Observation of the ossified thyroid cartilage in ancient Shandong residents
    ZHAO Yongsheng, SUN Tianlu, YANG ZhangQiaochu, WANG Zimeng, LIU Wentao, ZENG Wen
    2023, 42(02):  214-224.  doi:10.16359/j.1000-3193/AAS.2023.0003
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    Thyroid cartilage, as the largest laryngeal cartilage, is occasionally found in ancient human bone materials from archaeological sites after ossification, and has a certain indicative role in judging the sex and age of ancient residents. This paper is a study of 18 individual cases of ossified thyroid cartilage discovered from the ancient human bones excavated from six archaeological sites in Shandong province combining with modern medicine and forensic medicine. The 18 individuals spanned four dynasties from the Shang Dynasty to the Qing Dynasty, and 1 case belongs to the Shang Dynasty, 10 cases to the Han Dynasty, 1 case to the Ming Dynasty, and 6 cases to the Qing Dynasty. Among the 18 individuals, 14 cases were males, 3 cases were females, and 1 case could not be identified for sex. Among the 17 cases with certain age, 15 cases were the age range of 35~50 years, 1 case was around 30 years old, and 1 case was older than 60 years old.

    The ossified thyroid cartilage in ancient human bone material is mostly found in the middle, lower edge, posterior edge, superior and inferior horn. These parts are early and highly ossified and are easier to preserve. Excluding acquired defects, individual ossification of the right and left lateral thyroid cartilage was preserved in a symmetrical pattern. There is a gender difference in the way and the size thyroid cartilage is ossified. In males, the anterior horn of the thyroid cartilage is preserved, most commonly at the lower end of the anterior horn, and the male protruding "laryngeal node" can be observed in the fully ossified anterior horn. In females, the anterior horn was generally absent, with incomplete ossification of the middle part of the bone plate, and the measurement of the inferior margin was significantly smaller than that in males.

    Eighteen individuals had only partially ossified thyroid cartilage, and none of them had completely ossified thyroid cartilage. Even the better preserved individual M195 of Xinzhi cemetery still has unossified areas at the posterior edge of the right plate. The ossification pattern of thyroid cartilage varies significantly among individuals. Although the ossification of thyroid cartilage correlates with age, it has a very low accuracy when used for identification. The results of age estimation using thyroid cartilage are older than that using bioarchaeology. It is not advisable to independently use the ossification of thyroid cartilage as a standard for age judgment. Still, it can be used as a reference basis to assist in age estimation. Among the 18 ancient residents, all individuals with a certain age were older than 30 years old.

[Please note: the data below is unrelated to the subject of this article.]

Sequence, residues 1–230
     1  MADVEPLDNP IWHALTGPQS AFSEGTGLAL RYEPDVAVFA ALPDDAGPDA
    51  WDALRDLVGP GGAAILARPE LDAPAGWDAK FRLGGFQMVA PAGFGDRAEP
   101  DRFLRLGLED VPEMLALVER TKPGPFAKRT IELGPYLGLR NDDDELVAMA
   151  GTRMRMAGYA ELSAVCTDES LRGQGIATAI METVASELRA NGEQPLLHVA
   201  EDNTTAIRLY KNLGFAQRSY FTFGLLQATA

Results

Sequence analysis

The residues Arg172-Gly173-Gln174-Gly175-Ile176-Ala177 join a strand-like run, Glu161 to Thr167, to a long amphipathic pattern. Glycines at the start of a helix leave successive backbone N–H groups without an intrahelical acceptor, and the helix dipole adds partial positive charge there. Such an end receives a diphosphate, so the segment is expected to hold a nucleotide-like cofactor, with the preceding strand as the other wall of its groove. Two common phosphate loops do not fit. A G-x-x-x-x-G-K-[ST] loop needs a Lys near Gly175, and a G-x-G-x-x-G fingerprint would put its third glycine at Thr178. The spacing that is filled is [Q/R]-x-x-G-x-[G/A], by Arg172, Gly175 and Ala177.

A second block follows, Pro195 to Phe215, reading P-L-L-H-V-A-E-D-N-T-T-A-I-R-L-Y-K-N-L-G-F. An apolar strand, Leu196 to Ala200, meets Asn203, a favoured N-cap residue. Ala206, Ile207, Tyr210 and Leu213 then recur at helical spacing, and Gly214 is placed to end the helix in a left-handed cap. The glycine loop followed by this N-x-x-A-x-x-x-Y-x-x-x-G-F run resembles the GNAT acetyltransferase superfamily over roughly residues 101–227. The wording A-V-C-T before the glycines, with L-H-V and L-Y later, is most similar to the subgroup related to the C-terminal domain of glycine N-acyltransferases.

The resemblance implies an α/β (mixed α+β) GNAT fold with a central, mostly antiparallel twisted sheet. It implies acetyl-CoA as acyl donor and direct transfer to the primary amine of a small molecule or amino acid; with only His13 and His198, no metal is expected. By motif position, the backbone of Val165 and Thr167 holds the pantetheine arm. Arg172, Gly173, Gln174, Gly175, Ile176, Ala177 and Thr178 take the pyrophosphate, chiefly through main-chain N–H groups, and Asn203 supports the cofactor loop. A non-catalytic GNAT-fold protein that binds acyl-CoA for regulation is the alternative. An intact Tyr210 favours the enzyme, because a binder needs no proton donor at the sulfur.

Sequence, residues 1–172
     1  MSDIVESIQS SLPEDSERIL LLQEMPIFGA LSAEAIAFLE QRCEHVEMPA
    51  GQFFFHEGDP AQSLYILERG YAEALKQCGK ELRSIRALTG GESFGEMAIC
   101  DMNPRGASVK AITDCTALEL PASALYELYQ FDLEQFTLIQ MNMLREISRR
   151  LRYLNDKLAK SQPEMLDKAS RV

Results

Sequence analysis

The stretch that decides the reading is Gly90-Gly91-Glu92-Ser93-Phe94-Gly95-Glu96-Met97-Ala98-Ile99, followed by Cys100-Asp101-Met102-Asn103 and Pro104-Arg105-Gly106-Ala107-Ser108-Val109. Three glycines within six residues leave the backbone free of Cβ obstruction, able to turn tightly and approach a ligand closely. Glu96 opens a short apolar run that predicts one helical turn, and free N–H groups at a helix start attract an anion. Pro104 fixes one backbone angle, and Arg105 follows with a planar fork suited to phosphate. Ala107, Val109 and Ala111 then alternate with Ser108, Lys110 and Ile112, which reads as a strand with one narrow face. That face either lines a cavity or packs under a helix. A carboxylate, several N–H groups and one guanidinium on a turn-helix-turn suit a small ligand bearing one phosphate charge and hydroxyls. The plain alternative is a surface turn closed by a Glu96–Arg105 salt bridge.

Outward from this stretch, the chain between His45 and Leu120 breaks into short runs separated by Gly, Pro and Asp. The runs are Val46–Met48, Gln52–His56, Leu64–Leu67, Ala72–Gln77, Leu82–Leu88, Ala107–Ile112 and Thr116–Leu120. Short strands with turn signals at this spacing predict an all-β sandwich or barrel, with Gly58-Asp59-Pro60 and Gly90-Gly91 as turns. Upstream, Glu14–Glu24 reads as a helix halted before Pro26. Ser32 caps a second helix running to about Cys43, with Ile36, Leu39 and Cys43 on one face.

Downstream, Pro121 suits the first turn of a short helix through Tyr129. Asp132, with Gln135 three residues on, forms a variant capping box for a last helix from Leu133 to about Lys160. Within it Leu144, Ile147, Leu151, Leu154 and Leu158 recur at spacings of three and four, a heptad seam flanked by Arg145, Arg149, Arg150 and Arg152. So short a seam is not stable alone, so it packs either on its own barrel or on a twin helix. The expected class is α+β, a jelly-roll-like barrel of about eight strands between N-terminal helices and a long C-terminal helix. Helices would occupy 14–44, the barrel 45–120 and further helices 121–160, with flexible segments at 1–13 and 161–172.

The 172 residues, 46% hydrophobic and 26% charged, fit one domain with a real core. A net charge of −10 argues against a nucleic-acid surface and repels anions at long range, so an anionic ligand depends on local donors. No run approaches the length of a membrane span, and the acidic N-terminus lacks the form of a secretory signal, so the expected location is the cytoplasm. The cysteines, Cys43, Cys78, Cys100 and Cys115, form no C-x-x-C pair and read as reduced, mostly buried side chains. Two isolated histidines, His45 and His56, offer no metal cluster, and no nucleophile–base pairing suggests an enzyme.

Antler fossil of Sinomegaceros ordosianus from Nanbaishan site of Late Pleistocene age in Yüxian, Hebei Province
    MEI Huijie, ZHANG Bei, LEI Huarui, TONG Haowen
    2023, 42(02):  225-237.  doi:10.16359/j.1000-3193/AAS.2023.0001
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    Giant deer is among the most common animals of Mid-Late Pleistocene sites in northern China, and was one of the representative icons of the Pleistocene fauna in northern China, while the fossil materials are fairly poor and very few complete antlers were ever recovered, except those from Zhoukoudian site; on the other hand, the knowledge about the age-related changes of the antlers is absolutely insufficient. Therefore, the previous taxonomic work based only on the antler features is open to questions.

    In 2018, a quite complete antler of giant deer was recovered from the Nanbaishan site of Middle Paleolithic period in Yüxian County, Hebei Province. The antler is quite big; brow tine and the palmation of beam are thin and fan-like, without palm tines; the brow tine and the palmation of beam run along two nearly parallel planes, but are not exactly parallel; the shaft of the beam bends at the basal part, but the sigmoid form is not prominent. In general morphology, the new antler is very close to that of Sinomegaceros ordosianus. The new specimen represents the most complete antler of S. ordosianus ever recovered. The dimensions (L: length & W: width) of the palmate is 670×526.8 mm; the dimensions (L& W) of the brow tine is 510×480 mm, the length and circumference of the beam are 270 and 193 mm respectively, the circumference of the burr is 310 mm. The first phalanx is robust, its greatest length is 77.7 mm; proximal width is 29.2 mm, transverse and antero-posterior diameters are 24.0 and 26.0 mm respectively.